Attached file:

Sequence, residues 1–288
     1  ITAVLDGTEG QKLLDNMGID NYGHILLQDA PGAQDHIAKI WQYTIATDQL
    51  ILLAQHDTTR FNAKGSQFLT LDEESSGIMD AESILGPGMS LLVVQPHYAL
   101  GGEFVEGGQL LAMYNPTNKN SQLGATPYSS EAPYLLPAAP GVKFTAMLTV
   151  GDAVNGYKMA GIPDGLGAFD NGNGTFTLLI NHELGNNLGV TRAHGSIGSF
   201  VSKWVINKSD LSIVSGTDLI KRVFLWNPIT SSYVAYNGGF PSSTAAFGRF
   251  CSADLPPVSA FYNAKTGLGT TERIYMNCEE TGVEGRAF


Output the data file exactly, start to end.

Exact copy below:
Sequence, residues 1–288
     1  ITAVLDGTEG QKLLDNMGID NYGHILLQDA PGAQDHIAKI WQYTIATDQL
    51  ILLAQHDTTR FNAKGSQFLT LDEESSGIMD AESILGPGMS LLVVQPHYAL
   101  GGEFVEGGQL LAMYNPTNKN SQLGATPYSS EAPYLLPAAP GVKFTAMLTV
   151  GDAVNGYKMA GIPDGLGAFD NGNGTFTLLI NHELGNNLGV TRAHGSIGSF
   201  VSKWVINKSD LSIVSGTDLI KRVFLWNPIT SSYVAYNGGF PSSTAAFGRF
   251  CSADLPPVSA FYNAKTGLGT TERIYMNCEE TGVEGRAF